The energy partnership between India and Russia is evolving, albeit with mixed results. Sakhalin-1 is often cited as a glittering example of energy cooperation. In 2001, it was India’s maiden venture in the Russian energy sector when it invested $2.7 billion dollars through Oil and Natural Gas Corporation’s overseas arm OVL to pick a 20 percent stake from Russia’s then ailing oil major Rosneft in offshore Sakhalin-1 in July 2001, a production sharing arrangement(PSA).
The Sakhalin-1 project is operated by the US Exxon’s subsidiary Exxon Neftegaz, which has 30 percent stake in this large oil and gas field in Far East offshore in Russia, spread over an area of around 1,146 sq km. In the first phase of Sakhalin-1, two of the three offshore oil fields, Chayvo and Odoptu, started production in 2005 and 2010 respectively. The development of Arkutun Dagi, the third oilfield, is in progress and first oil is expected to be produced in the third quarter of 2014.
In order to expand its
footprint in Russia after a series of setbacks due to stiff competition from
the alliance of Rosneft and China’s CNPC, a desperate OVL in January 2009 spent
$2.1 billion to acquire London-listed Imperial Energy Corporation Plc which has
main activities in the Tomsk region of western Siberia. The local media had
then reported that the OVL overpaid at least $1 billion for acquiring Imperial
Energy as its oil reserves are much smaller than were claimed by the previous
owners. According to the OVL website during 2011-12, the production of Imperial
Energy was 0.771 MMT of oil as compared to 0.770 MMT during 2010-11.
The total output from both Indian investments in Russia is far below India’s aspirations.
Back in July 2006, Prime Minister Dr Manmohan Singh, during his meeting with President Vladimir Putin on the sidelines of the G-8 summit in St. Petersburg, had sought sustained supplies of 1 million barrels per day (MBPD) of crude oil from Russia to ensure India’s national energy security. A decade after first investment in Sakhalin-1, this dream remains elusive. However, there are chances things could change for better. During President Putin’s visit to India later this month, the energy majors of the two countries could sign commercial deals to firm up upstream and downstream cooperation.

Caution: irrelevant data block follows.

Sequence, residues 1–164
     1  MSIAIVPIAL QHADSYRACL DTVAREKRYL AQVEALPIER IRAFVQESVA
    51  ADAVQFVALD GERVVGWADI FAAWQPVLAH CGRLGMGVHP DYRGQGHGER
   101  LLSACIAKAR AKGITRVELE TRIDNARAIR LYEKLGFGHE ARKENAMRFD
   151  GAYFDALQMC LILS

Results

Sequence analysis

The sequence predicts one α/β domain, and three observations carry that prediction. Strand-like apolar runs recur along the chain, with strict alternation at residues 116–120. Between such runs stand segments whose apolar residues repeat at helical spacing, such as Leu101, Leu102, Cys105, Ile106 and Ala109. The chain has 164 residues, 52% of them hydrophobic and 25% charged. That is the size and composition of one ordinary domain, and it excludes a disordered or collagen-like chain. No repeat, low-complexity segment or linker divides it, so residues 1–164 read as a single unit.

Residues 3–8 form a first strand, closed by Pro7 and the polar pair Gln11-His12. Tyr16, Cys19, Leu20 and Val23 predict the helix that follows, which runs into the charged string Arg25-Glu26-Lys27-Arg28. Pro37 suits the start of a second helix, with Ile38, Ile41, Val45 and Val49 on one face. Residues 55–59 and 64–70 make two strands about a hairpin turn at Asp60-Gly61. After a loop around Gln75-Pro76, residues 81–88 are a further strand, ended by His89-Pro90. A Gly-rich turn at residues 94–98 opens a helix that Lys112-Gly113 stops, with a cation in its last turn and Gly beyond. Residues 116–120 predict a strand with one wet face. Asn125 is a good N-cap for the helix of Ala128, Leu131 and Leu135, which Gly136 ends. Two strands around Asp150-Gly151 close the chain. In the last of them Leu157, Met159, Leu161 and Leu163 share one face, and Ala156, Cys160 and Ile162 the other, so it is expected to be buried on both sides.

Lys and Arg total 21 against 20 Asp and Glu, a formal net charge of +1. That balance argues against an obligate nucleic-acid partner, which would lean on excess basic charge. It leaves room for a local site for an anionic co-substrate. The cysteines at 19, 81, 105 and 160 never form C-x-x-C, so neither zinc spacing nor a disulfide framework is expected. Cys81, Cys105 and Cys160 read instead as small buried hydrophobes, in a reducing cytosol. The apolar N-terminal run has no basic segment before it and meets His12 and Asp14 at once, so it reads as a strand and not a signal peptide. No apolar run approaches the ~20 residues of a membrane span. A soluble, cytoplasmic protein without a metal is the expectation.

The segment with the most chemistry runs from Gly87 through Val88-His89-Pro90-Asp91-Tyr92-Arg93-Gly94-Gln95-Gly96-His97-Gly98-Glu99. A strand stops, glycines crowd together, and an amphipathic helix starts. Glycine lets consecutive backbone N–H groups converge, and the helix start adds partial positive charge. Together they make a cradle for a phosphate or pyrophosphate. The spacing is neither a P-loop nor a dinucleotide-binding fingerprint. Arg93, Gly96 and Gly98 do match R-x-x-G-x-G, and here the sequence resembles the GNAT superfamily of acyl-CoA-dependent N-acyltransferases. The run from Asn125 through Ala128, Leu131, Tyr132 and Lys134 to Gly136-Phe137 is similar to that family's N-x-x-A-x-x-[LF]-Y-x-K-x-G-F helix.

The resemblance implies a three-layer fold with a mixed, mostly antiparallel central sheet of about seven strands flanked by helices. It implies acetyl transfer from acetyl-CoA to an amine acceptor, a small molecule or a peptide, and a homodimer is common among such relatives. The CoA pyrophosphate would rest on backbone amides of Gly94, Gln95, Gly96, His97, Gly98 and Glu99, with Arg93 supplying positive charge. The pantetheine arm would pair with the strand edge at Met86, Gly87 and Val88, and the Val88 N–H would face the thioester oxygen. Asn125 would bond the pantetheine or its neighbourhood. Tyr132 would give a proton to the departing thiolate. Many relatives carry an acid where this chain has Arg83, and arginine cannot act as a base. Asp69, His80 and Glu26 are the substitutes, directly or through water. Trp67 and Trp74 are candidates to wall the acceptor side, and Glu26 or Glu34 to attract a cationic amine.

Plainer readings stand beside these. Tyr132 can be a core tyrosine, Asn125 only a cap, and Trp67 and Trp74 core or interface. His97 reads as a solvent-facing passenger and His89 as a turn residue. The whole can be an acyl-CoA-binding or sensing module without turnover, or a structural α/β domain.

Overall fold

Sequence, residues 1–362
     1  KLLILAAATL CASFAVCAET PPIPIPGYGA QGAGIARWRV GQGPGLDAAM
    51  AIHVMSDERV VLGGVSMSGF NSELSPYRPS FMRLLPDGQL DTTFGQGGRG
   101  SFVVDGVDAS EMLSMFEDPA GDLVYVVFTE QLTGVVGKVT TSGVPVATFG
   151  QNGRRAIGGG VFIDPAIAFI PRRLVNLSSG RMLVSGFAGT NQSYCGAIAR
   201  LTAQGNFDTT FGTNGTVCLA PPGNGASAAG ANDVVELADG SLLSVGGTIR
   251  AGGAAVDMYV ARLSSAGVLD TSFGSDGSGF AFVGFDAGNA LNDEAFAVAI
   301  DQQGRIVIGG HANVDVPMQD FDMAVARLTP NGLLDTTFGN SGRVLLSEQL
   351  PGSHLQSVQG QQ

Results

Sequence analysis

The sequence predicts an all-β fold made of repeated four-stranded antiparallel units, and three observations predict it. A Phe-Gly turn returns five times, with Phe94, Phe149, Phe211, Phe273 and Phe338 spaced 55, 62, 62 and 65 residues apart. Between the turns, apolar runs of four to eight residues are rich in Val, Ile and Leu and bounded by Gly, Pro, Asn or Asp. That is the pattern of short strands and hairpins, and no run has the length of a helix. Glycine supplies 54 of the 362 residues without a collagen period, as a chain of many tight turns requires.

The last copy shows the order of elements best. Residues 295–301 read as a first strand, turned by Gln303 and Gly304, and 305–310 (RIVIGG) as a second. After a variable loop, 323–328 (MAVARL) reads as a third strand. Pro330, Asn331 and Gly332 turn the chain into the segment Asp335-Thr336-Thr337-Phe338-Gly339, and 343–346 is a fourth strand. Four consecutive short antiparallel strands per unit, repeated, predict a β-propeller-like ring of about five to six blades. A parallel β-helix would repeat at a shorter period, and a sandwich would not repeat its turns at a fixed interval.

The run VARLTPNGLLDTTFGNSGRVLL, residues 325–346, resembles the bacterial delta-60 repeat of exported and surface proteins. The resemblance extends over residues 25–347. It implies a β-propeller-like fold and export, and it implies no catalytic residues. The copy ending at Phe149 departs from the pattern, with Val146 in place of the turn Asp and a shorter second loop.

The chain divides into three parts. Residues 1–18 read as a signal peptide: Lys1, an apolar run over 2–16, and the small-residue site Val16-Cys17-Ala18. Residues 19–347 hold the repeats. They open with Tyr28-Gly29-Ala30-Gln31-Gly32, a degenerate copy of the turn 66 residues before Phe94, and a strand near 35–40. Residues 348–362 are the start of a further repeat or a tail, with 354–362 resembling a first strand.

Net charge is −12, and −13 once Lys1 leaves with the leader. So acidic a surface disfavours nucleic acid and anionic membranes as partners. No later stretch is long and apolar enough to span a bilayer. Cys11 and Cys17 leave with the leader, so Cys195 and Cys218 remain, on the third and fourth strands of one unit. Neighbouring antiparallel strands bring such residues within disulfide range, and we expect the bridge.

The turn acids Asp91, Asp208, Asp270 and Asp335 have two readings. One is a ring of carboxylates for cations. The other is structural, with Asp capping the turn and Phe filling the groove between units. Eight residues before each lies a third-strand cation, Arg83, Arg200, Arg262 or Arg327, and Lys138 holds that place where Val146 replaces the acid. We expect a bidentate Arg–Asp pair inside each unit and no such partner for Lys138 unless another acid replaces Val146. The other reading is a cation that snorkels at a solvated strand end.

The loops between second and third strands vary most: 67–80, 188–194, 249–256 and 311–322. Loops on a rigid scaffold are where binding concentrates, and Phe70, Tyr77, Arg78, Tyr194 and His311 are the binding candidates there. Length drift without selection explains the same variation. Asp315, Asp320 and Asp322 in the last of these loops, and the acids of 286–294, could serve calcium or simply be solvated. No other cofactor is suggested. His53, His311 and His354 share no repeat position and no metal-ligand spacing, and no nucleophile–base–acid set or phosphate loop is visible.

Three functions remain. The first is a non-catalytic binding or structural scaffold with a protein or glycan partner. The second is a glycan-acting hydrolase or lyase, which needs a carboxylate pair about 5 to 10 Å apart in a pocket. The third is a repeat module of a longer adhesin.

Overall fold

Besides hydrocarbons, Russia is also a major source of civil nuclear technology, which will contribute to India’s energy security. However, concerns over nuclear safety post-Fukushima, has slowed down cooperation in this vital sector. In India, legitimate concerns of local residents have further delayed the operationalisation of the Kudankulam nuclear power plant Unit I by more than one year and the Supreme Court has reserved its ruling on the Public Interest Litigation (PIL) seeking a ban amid reports of Unit-1 of Russia built VVER 1000 reactor attaining criticality during President Putin’s visit later this month. The fate of unit 3 and unit 4 hangs in the balance as New Delhi is insisting on the retrospective application of nuclear liability law. The two sides are currently engaged in negotiations to resolve these differences before Putin comes to India on December 24 for the annual summit. If the nuclear liability law is applied, the cost of the unit 3 and 4 would certainly go up.
But despite these hitches, India must make sure that it benefits from Putin’s energy policy. In 2006, while addressing the national Security Council, Putin had expressed Moscow’s willingness to open new gas and oil pipelines and civil nuclear technology to reach the Asian markets to create new energy networks in the world to avoid conflicts among future generations over energy resources.
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